Should I install a security suite on my Mac?
This question was answered on December 17, 2010. Much of the information contained herein may have changed since posting.
This is one of the most heated debates on the Interwebs: should folks that have a Mac install any type of security software?
In the past, the discussion was specifically about whether one should install anti-virus software on their Mac, but todays attack vector is much more sophisticated than simple virus code, so the real discussion should be about general security.
The term virus is used by most non-technical folks when they mean any kind of malicious software (malware), but today we are being attacked by so many different malicious programs that actual virus code is pretty low on the threat list.
Lets start by discussing some of the common claims youll hear on the Internet:
Macs dont get viruses
One of the first viruses every written (1982), was written for the Apple II and subsequent versions of Apples Mac OS (especially 7) have had well chronicled bouts with lots of viruses With the release of OS X, Apple made a dramatic shift in security that made most of the past exploits useless.
In technical terms, the statement is false because viruses written specifically to attack OS X as well as various proof of concept viruses have been written over the years If you expand the term virus to mean malware, then many Trojans and browser exploits exist: (heres the top 20 fro Sophos - http://bit.ly/hTz1Y3).
Macs are safer than Windows computers
This statement is unequivocally indisputable! The relative dangers for Internet connected computers running Windows is exponentially higher than for those running Mac OS X
The primary data that most folks point to for the reason is the market share:
Worldwide - Windows 90.81% vs Mac 5.03% (Netmarketshare.com)
US Windows 83.37% vs Mac 11.46% (Netmarketshare.com)
The thought being that criminals and hackers will go where the masses (& money) are, but there are other forces in play that contribute.
Apples decisions to leave old exploitable OS code out of OS X essentially required malicious software authors that were targeting Macs to start from scratch This combined with the inherent security built into OS X made it much harder to write code that could exploit and propagate malicious code amongst this smaller number of computers.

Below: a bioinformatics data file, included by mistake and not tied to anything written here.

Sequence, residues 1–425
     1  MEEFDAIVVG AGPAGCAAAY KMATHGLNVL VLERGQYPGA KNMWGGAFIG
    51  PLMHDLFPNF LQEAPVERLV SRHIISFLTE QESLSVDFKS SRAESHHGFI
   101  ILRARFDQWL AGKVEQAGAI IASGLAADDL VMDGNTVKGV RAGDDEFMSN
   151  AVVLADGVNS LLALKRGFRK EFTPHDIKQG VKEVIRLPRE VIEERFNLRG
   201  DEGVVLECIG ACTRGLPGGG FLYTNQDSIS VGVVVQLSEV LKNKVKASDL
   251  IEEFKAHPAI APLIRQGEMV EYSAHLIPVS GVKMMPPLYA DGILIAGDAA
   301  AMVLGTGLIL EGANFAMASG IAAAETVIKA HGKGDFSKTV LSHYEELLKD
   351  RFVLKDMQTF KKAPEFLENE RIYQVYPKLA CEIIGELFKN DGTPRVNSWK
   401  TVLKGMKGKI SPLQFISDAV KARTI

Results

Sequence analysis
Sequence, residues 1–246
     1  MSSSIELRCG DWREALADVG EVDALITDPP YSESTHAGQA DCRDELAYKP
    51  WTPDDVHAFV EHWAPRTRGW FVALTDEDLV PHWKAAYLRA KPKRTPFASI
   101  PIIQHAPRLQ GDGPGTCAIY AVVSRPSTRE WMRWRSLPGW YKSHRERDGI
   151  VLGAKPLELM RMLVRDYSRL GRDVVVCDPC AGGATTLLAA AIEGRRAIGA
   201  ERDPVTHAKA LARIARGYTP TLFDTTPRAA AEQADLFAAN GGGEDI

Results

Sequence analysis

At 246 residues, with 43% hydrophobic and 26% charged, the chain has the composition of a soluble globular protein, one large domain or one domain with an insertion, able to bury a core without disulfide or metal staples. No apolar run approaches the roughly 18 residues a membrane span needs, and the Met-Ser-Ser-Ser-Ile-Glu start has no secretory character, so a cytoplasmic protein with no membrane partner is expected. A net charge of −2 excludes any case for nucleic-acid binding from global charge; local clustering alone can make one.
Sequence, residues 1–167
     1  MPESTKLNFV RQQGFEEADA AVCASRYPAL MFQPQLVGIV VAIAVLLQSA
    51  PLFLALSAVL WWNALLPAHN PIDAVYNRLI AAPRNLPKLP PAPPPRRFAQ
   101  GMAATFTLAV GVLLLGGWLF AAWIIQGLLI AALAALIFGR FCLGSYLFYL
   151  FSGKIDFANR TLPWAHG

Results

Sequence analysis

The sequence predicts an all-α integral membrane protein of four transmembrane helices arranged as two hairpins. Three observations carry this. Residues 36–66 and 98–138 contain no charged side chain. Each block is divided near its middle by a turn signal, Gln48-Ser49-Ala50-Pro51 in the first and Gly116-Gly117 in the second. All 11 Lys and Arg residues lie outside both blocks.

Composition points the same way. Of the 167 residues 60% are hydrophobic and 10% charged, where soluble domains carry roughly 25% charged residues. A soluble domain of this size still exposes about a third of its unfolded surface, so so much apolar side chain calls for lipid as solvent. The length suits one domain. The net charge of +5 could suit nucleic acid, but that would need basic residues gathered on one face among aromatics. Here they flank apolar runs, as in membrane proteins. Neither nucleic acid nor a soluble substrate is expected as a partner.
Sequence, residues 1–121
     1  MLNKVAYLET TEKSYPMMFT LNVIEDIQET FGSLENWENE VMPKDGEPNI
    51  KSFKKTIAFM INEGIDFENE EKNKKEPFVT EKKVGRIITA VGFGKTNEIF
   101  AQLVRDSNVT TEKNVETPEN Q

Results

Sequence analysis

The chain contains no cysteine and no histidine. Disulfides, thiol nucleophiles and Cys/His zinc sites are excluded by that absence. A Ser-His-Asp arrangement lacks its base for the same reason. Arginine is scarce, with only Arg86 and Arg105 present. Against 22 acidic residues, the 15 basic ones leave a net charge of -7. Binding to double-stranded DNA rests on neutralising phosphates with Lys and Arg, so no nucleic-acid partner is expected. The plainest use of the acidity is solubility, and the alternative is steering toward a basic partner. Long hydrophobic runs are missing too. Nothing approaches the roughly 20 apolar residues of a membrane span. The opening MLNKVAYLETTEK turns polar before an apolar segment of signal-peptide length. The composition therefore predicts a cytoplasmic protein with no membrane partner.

In addition, much of todays sophisticated malware is written in foreign countries (Eastern Block and Asian primarily) where pirated software is rampant Since most malware authors are running cheap pirated Windows-based computers, its another statistical contributor.
Its no longer about the OS!
But the folks writing malware want you to keep focusing on the Windows vs Mac discussion because they have already moved on to attacking everyone, no matter what operating system they use.
Todays exploits rely on exploiting the weakest part of any computer system: the user!
Social engineering tactics combined with exploits of unpatched browsers are leading the charge for todays sophisticated Internet-based attacks and making the OS that youre running irrelevant.
Drive-by downloads (slipping malicious code into your computer when you visit a malicious website) can be performed on virtually any browser (Internet Explorer, Firefox, Safari, Chrome, Opera, etc.) regardless of operating system if they are left unpatched.
So to get to your question: should you install security software on your Mac.
Im not a big fan of installing an anti-virus program that constantly runs on Macs as it will have an impact on the performance (just like on Windows systems), but having a tool (like the free ClamXav - http://clamxav.com) that you can manually run on occasion is a pretty good idea.
The current risk/reward to installing an active AV program on Macs is not worth it (IMHO) at the moment, but that's likely to change over time (stay tuned).
The real threats are your browser, Internet utilities and your behaviors on the Internet If you or any member of your family engage in risky behavior (file sharing, cracked software, game cheats, adult sites, etc.) dont count on a security suite to save you.
Make sure to keep your browser, Adobe Flash/Reader, Quicktime and Mac OS updated with the latest security patches and consider using some of the free tools we have listed for protecting yourself against drive-by downloads at http://bit.ly/fKfM0C .
About the author
Posted by Ken Colburn of Data Doctors on December 17, 2010